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Oh gawd-choosing a guardian for my DD

(7 Posts)
Loobyloo1902 Tue 11-Oct-11 17:18:35

Oh gawd, I've gone and put my foot in it with my mum, hoping someone will reassure me I've done the right thing?

I'm planning ahead and wanting to set down my wishes should I come to a sticky and untimely end. I want to allocate a willing guardian for my daughter to have responsibility for her and without her father on the scene. I asked my childless brother but he gently declined. I think the next most suitable person would be one of her godmothers. I've discussed it with her and she is willing to be named. She's 37 and childless but loves her god-daughter and spends plenty of time with her.

Both of my parents are in their 60s, divorced and acrimoniously so therefore I'm loathe to give responsibility to one of them as I fear that the other grandparent wouldn't get a look in. Mum's great but I feel she carries the weight of the world on her shoulders; she's trying to run a business and rarely accepts help from anyone meaning it's chaotic, she's got a partner with depression who needs her and lots of health problems of her own. I know she would be a good guardian but I feel the godmother would be better.

Today I mentioned what I had planned and got really upset and walked out. I tried to discuss it with her but she said she was too distraught and "What about me?, you're punishing me for the divorce".

I feel terrible that I've upset her but this is about what's best for my daughter. I think that's with her Godmother with plenty of visits and shared access with my family (as I am confident would happen).

Have I almightily cocked this up this up? Be honest.....

mumblechum1 Tue 11-Oct-11 17:31:32

I'm a will writer and this is the one thing which ties people up in knots, sometimes so much so that they never get around to making a will.

You need to firstly understand that if your daughter's father has Parental Responsibility (ie he is named on her birth certificate and she was born after 1st December 2003), then he would be the default person for her to live with.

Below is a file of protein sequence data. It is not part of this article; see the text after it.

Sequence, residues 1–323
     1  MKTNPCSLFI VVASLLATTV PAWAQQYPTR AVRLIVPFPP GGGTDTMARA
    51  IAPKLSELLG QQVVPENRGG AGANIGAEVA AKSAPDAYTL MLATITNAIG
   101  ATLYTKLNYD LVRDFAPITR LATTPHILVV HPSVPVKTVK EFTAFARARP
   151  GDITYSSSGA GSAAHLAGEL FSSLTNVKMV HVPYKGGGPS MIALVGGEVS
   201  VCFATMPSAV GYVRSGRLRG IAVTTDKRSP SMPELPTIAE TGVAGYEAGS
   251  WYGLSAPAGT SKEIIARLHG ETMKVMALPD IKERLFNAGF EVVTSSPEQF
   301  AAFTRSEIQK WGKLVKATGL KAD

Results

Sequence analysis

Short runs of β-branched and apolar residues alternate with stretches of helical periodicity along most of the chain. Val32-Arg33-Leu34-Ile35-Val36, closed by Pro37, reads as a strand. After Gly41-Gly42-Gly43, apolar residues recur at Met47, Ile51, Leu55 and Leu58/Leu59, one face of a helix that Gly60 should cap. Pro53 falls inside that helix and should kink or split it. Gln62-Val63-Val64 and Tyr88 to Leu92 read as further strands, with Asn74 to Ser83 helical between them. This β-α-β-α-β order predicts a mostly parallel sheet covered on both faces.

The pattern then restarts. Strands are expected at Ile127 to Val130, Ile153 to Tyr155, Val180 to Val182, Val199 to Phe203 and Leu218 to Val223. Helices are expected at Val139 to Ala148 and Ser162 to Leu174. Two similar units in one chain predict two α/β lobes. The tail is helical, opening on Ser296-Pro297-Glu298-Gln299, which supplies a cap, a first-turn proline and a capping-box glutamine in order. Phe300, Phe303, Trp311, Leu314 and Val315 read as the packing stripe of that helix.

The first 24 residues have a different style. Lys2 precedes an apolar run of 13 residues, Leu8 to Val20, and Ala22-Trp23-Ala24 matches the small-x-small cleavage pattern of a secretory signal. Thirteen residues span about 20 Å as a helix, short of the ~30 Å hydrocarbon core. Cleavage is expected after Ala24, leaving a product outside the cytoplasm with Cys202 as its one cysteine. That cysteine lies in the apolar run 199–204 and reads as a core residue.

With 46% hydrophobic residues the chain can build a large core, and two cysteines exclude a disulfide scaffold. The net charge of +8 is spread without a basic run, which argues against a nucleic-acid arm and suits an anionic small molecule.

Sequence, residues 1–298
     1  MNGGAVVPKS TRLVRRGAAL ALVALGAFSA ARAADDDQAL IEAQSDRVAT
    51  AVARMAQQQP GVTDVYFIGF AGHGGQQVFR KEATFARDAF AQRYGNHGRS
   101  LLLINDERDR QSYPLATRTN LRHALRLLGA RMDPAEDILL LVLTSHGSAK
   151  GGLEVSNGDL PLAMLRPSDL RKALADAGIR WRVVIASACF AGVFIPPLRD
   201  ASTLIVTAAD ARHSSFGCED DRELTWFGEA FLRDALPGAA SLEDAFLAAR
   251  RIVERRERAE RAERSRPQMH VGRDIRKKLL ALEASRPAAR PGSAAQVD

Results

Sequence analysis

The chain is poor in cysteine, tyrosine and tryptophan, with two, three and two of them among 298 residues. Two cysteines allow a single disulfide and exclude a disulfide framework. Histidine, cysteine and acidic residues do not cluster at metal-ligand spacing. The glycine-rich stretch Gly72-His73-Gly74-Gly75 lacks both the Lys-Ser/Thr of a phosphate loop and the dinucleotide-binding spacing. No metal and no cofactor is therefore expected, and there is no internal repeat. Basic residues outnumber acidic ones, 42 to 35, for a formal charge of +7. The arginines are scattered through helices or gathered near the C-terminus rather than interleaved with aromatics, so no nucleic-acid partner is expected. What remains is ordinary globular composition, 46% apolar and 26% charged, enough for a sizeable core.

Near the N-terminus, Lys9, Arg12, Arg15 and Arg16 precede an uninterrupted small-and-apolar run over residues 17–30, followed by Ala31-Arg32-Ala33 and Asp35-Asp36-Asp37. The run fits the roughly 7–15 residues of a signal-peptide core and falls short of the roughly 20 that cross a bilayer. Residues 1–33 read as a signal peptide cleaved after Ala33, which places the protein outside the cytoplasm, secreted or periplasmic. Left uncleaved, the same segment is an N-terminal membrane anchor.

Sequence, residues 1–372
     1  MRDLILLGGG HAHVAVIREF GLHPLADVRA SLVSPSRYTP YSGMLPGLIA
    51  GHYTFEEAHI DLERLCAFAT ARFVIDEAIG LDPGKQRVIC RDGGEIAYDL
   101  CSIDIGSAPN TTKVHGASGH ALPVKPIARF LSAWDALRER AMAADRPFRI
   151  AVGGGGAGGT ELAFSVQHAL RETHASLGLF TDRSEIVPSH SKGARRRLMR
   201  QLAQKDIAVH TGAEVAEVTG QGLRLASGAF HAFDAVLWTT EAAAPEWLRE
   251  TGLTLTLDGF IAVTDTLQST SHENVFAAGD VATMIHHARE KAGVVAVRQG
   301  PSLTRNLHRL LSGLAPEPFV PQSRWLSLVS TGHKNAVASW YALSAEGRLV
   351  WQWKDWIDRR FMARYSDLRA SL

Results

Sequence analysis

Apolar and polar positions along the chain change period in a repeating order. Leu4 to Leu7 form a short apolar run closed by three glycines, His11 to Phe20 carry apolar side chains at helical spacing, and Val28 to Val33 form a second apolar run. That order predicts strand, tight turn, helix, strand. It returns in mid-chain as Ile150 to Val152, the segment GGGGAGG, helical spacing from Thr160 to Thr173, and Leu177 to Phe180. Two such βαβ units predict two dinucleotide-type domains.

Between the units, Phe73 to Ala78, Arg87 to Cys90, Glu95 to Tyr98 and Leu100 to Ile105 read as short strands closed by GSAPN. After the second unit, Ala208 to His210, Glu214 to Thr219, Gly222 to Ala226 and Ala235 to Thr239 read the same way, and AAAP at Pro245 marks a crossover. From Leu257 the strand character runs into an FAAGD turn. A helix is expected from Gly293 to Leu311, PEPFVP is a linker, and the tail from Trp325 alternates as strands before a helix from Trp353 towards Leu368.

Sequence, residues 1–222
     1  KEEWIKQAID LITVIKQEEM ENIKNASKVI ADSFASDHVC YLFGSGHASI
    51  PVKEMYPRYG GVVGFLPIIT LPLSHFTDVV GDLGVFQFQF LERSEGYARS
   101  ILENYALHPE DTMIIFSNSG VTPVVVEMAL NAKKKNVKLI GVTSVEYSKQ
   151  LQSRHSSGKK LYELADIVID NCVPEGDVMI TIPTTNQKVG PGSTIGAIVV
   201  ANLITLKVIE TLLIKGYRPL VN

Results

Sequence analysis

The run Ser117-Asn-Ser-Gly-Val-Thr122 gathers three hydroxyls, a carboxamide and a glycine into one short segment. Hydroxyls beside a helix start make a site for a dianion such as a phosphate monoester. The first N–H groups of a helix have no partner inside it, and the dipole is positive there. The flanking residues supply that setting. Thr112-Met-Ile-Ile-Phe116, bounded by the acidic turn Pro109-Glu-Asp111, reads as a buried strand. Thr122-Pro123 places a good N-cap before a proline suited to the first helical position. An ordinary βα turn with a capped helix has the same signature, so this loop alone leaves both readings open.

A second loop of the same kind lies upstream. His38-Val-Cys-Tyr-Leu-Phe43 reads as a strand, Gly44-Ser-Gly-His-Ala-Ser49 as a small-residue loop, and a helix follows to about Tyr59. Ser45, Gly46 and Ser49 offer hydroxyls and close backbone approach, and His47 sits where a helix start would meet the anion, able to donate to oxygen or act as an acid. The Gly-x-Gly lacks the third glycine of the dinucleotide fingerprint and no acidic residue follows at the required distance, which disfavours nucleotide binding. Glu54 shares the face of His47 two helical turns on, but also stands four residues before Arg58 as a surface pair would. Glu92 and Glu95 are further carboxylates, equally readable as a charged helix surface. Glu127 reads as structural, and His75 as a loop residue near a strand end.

Even if he doesn't have parental responsibility, he could make an application for a Residence Order under the Children Act 1989, although if he has had little or nothing to do with her it is extremely unlikely that he'd be successful.

Judging from your post, it sounds as if he isn't around so it wouldn't be appropriate for her to go to him.

If I were writing your will I'd advise something along these lines:

"I appoint x to be Guardian of my daughter y and I express the wish that x make all reasonable attempts to encourage and facilitate direct and indirect contact between y and her extended family and in particular her grandmother z and for the sake of clarity I expressly do not wish x to go to live with her father xxx as he has had very little contact with her and I feel that her best interests would be served by her remaining with the said Guardian x"

(or whatever wording most closely suited your requirements.)

I have a paid for advert over on the Small Business section of Classifieds ("5* Will Writing Service Recommended by Mumsnetters") if you'd like more info.

ladydeedy Tue 11-Oct-11 21:16:00

Yes the father would be very likely to get residency, whether you like it or not. Do you have good reason to want to try and refuse that?
Bear in mind that you are simply stating your wishes and that there is no guarantee that they will be carried out.

Loobyloo1902 Tue 11-Oct-11 22:39:26

Sorry I didn't explain the situation, my daughter's father buggered orf when I was eight weeks pregnant so I suspect he's unlikely to appear any time soon!

MollieO Tue 11-Oct-11 22:45:58

I wouldn't choose a guardian that was my parents' age. You need someone who will be able to raise your dd in the event of your death. You want that person to be around for a long time. With the best will in the world it's unlikely your parents would outlive a friend the same age as you. It's sad that your mum can't see this.

I'm in the same situation (lp, ds's father has no contact) and my mother completely understands that she wouldn't be a suitable choice as guardian, despite being fully involved in ds's life. If anything happened to me ds would have to go to live in a different part of the country but I know the people who are his guardians love him almost as much as I do.

nothaunted Tue 11-Oct-11 22:48:40

Just one thought: a young guardian in good health is better than a grandmother. DD will still need a guardian up to 18 and her grandmother may not be in great physical or mental health if you fall under a bus when she is 14 or something. Do what you feel is right and don't mention the subject to your Mum again. Most likely it will never be needed smile

JustForThisOne Wed 12-Oct-11 00:42:39

I was thinking exactly about those line (old granparents and so on) but I was advised by my writer that I should put down on the will who I would want my child to go if I dies "today"...picture that! so I realised that naturally my dc would want to go and stay with his grandparents, even if they are old, even if they will not be around for long...but right here and now that' would be the best for him. The day that one of them will not be independent any longer I would change it. Or you could have a "plan" outlined involving godmother from beginning but having you dd living at nana
You will know if you ask yourself what if I drop dead tonight ;-)

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